Say what you want about Prime Minister Scott Morrison (ScoMo), but he has managed to implement widespread lockdown laws, whilst safeguarding one of Australia’s most quintessential cultural pursuits – looking hot for summer. A saving grace of social distancing laws has been the ability to go outside for exercise, either alone or in small family groups. One need only wander Canberra’s many lake-fringed or tree-lined paths around dusk to see that everyone is indulging in this exception to its fullest (arguably negating the very concept of ‘social distancing’, but I hypocritically digress). The lush and sun-spangled paths from Turner to Dickson are bustling with solo cyclists, jogging duos and lovey couples strolling hand in hand, getting fit or purely just getting outside for the first time that day.
I too have been partaking in my fair share of #hotgirlsofa workouts, but my favourite thing to do during isolation has been to go for a leisurely stroll through the park and along the verdant, suburban streets, breath- ing in the rustling quiet and the enigmatic appearances of my fellow iso-wanderers (metaphorically, that is. I am most definitely holding my breath as I walk past them.)
Maybe it’s because they are the first and only people I will see that day apart from my housemates – who are basically my weird, extra limbs at this point – or maybe it’s because we share a deeply intertwined, but necessarily distanced, human experience. But the diverse and mysterious Canberrans I see during my people-watching expeditions suddenly have a rarefied quality about them. Who are they? What are their stories? What was happening in their lives before they got thrust into lockdown? What existential crises did they have that day? What indulgent, upper-middle-class hobbies have they taken up that they are inevitably shit at? Didn’t I swipe right on them on Bumble? Look at that stride! Why didn’t I message them within the allotted 24-hour period??
With all these pedestrian meditations, I started to feel a bit like a flâneur. The term was coined by Baudelaire in the 19th Century in reference to the high-society men of Paris who would saunter along the cosmopolitan streets, observing and reflecting on modern urban life. More broadly, the flâneur was a vehicular concept through which thinkers could conceptualise the modernist word.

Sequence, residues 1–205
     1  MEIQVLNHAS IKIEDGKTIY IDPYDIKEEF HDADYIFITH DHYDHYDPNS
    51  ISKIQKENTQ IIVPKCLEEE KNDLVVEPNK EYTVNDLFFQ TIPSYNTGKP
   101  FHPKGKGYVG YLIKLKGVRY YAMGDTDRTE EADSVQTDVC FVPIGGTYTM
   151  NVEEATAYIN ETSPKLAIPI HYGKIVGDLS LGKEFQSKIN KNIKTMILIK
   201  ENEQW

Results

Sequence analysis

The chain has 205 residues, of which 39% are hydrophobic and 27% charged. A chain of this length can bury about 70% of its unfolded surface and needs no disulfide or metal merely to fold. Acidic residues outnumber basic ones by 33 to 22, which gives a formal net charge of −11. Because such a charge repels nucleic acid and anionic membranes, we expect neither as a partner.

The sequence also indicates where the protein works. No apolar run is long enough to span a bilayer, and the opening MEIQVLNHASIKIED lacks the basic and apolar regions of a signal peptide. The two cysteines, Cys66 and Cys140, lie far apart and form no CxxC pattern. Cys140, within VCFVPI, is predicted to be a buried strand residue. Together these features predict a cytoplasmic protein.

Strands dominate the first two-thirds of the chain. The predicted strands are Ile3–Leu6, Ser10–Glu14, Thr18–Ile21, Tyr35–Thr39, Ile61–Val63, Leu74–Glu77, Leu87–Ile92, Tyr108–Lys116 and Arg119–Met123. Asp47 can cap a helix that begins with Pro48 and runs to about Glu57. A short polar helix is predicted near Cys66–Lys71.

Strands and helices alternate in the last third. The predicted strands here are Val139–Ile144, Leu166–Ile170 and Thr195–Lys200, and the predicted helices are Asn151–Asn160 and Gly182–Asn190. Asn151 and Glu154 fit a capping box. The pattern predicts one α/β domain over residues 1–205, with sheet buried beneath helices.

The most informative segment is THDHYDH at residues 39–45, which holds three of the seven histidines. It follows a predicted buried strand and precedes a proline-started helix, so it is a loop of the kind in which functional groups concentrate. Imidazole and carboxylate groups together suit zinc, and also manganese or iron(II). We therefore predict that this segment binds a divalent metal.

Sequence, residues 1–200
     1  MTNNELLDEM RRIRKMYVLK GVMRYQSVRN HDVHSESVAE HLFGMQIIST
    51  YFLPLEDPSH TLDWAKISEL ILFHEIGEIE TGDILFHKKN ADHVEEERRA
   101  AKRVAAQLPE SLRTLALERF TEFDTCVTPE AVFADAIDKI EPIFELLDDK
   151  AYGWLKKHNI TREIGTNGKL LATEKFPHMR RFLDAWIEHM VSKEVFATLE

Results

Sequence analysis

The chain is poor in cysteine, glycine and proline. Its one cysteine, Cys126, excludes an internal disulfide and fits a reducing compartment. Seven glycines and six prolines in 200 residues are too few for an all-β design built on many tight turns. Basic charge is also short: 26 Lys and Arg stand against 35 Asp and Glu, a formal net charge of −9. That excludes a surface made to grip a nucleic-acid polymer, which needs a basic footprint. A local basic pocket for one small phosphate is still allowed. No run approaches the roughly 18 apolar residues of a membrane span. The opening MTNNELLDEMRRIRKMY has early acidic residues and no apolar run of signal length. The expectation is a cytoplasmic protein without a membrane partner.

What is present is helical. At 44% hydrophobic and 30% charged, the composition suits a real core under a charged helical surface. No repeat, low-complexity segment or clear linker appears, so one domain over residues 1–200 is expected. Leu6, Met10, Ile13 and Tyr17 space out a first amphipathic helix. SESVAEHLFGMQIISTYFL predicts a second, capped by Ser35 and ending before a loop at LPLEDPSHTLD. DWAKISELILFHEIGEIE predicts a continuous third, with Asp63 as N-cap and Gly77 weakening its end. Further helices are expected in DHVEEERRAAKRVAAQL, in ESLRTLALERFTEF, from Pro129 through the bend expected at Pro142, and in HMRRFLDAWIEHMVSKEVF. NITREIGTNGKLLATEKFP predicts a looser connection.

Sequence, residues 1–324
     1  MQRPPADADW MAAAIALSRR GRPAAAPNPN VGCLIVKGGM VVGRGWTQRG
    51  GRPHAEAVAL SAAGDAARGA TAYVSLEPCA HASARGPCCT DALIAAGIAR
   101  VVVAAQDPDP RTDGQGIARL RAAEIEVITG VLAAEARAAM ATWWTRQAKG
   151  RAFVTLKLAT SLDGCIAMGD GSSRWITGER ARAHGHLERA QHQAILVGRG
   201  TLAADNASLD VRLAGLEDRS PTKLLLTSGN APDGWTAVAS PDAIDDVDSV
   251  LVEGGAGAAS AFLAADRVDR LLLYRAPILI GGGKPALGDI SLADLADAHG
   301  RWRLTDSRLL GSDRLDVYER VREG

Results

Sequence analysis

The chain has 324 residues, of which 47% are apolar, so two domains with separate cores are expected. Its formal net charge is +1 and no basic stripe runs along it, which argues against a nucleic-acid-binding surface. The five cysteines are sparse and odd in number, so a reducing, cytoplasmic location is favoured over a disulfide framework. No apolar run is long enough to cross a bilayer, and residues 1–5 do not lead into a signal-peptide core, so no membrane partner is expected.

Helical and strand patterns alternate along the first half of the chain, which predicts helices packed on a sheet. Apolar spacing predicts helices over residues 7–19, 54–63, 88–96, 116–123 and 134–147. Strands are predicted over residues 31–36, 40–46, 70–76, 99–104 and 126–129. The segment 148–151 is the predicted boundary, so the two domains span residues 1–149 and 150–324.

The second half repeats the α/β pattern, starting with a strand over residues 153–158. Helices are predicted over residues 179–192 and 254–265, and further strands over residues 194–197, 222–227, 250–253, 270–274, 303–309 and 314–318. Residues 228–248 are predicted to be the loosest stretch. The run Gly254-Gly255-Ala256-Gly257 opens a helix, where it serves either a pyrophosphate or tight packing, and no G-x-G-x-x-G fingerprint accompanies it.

The flâneur was both a product and agent of the shocking novelty of modern cities. In- tense change, the ramping up of capitalism and the freedom opened up to all classes to forge intricate, independent and elusive paths called for a curious examination of the psychogeographic landscape by the privileged. Now, when I think of Canberra, ‘shocking novelty’ is not the phrase that comes to mind. Yet, the complete upheaval of peoples’ lives caused by COVID-19 rivals that of modernity, especially in its precipitance. This leads strollers, who are fortunate enough to be healthy at this time, to take in their 1.5 metered subjects a little more keenly, a little more sharply, with a certain anthropological inquisitiveness.
Like the flâneur, they seek to distinguish ‘the eternal from the transitory’ – what they can learn about the human experience from each individual’s outfit, expressions, (eavesdropped) anxieties; how far they veer into the bushes when another person walks past them; who’s coughing; and so on. The flâneur similarly looked for the ‘poetic in the historical’: for the strong instincts of a community resisting the apocalyptic pall of alienation, expressed in a smile at a stranger along the path or in the dropping of flyers for mutual aid groups in letterboxes. In line with the rise of capitalism, the flâneur also saw the world through an economic lens, in which we are all commodities, ‘selling ourselves to strangers’. Similarly, I feel myself abruptly turning and fixating on people as they walk past, voyeuristically consuming them because new people are so scarce in my life right now.
So, as I open my gate at the end of my walk and re-enter my apartmentalised world of Zoom, Netflix and news announcements, I get to feel a small moment of sunny transcendence ‘temporarily overcoming’ the weariness and overwhelming dislocation felt around the world due to this crisis. The flâneur considered everyone in modern society to be a colourful, confused, wandering ‘refuse’. We are ‘all alone, together’.
We acknowledge the Ngunnawal and Ngambri people, who are the Traditional Custodians of the land on which Woroni, Woroni Radio and Woroni TV are created, edited, published, printed and distributed. We pay our respects to Elders past and present and emerging. We acknowledge that the name Woroni was taken from the Wadi Wadi Nation without permission, and we are striving to do better for future reconciliation.